A number of Apple executives stated in an interview with Ars Technica that Microsoft itself can choose to support Windows on Mac devices based on the new M1 chip.
This chip performs very well to say the least, and Intel-based Macs should fail in virtually any case. Apple also appears to have a major advantage in terms of efficiency. Microsoft does not appear to support the M1 yet, presumably because Apple has kept the properties of the chip strictly secret. Microsoft will never have had the chance to optimize for it before. In the interview says Apple’s senior vice president from Software Engineering, Craig Federighi, that “it’s up to Microsoft” to get its software working on the M1. This means that Apple does not want to keep the chip (s) ‘macOS-only’.
Currently, Apple also has Windows installed on its Intel CPUs-based Macs through a tool called Boot Camp. It makes sense for Apple to tolerate Microsoft’s products on its devices and for Microsoft to tolerate its software being installed on Macs, so that both companies can guarantee the sale of their products and greater market share. Yet it is striking that Apple allows this, since the company usually has a lot of influence on what is and what is not possible on its software. Certain software may be practically banned, especially with your own processors.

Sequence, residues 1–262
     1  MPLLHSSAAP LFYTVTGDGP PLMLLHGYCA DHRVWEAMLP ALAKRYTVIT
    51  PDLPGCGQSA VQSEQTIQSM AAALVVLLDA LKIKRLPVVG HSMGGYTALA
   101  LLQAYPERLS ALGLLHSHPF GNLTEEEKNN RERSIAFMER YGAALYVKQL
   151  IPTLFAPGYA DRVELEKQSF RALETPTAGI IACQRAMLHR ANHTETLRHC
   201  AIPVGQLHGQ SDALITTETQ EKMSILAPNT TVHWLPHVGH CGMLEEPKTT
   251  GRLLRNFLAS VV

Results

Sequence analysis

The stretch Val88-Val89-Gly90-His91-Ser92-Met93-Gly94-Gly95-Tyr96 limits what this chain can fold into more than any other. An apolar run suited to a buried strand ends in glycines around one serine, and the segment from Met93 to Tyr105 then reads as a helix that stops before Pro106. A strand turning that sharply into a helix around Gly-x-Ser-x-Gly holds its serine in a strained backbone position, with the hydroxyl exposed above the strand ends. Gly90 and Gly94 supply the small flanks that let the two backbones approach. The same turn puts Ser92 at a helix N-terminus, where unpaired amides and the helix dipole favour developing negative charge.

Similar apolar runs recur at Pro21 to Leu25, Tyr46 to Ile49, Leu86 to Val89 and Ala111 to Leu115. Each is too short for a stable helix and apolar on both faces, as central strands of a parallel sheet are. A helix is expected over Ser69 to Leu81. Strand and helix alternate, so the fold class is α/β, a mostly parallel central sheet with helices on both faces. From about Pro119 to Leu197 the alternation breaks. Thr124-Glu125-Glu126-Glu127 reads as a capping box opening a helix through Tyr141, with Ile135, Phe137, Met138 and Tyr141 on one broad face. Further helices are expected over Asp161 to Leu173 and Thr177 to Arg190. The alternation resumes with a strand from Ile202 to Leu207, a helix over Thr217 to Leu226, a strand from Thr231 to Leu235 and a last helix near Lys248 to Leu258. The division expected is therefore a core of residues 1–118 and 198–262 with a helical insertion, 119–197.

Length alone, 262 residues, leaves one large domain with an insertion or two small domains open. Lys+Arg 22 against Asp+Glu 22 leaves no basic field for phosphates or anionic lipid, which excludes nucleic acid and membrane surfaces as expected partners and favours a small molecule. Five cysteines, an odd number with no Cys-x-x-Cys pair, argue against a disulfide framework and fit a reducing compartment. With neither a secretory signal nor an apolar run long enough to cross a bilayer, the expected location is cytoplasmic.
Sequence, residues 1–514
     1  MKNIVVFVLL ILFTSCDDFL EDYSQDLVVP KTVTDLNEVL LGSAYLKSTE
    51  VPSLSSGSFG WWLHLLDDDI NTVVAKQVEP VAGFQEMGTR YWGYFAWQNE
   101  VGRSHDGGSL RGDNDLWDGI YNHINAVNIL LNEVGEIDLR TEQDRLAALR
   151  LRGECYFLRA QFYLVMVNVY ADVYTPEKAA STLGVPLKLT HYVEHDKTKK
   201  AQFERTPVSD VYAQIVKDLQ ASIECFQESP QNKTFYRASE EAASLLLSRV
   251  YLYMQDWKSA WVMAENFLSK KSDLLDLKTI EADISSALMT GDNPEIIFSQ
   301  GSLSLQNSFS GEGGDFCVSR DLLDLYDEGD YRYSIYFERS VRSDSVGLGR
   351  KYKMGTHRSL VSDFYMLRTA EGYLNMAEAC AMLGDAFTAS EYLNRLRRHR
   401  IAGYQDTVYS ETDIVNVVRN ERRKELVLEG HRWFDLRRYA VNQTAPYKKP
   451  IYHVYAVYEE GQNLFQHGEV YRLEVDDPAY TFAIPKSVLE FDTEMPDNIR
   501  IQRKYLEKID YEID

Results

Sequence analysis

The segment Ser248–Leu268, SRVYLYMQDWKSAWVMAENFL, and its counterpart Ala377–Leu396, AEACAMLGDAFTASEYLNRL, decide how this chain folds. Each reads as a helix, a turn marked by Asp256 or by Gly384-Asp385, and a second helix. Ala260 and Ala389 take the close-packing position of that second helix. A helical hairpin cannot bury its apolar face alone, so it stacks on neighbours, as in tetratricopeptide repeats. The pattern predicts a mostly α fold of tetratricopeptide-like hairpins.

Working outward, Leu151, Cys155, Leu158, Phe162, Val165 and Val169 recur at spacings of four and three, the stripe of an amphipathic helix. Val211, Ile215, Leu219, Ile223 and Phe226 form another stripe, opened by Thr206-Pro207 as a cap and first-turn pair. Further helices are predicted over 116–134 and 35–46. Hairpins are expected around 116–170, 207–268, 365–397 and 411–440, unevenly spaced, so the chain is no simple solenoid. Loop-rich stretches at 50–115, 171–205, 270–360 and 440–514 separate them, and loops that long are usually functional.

Federighi says the option to add support for Windows on Arm exists, although Microsoft would require a license to do so. The CEO also explains that a cloud version of Windows is a possible solution to (easily) get Windows working on M1 Macs. In addition, Apple already has the CrossOver application, which also makes it possible to get Windows software (x86) working on Macs. It also appears to work on Macs with the M1. Still, this means that, if Windows runs well on Apple’s own arm chips, the competition (AMD, Intel and presumably Qualcomm) will have to push hard to ensure comparable performance.
Source: Ars Technica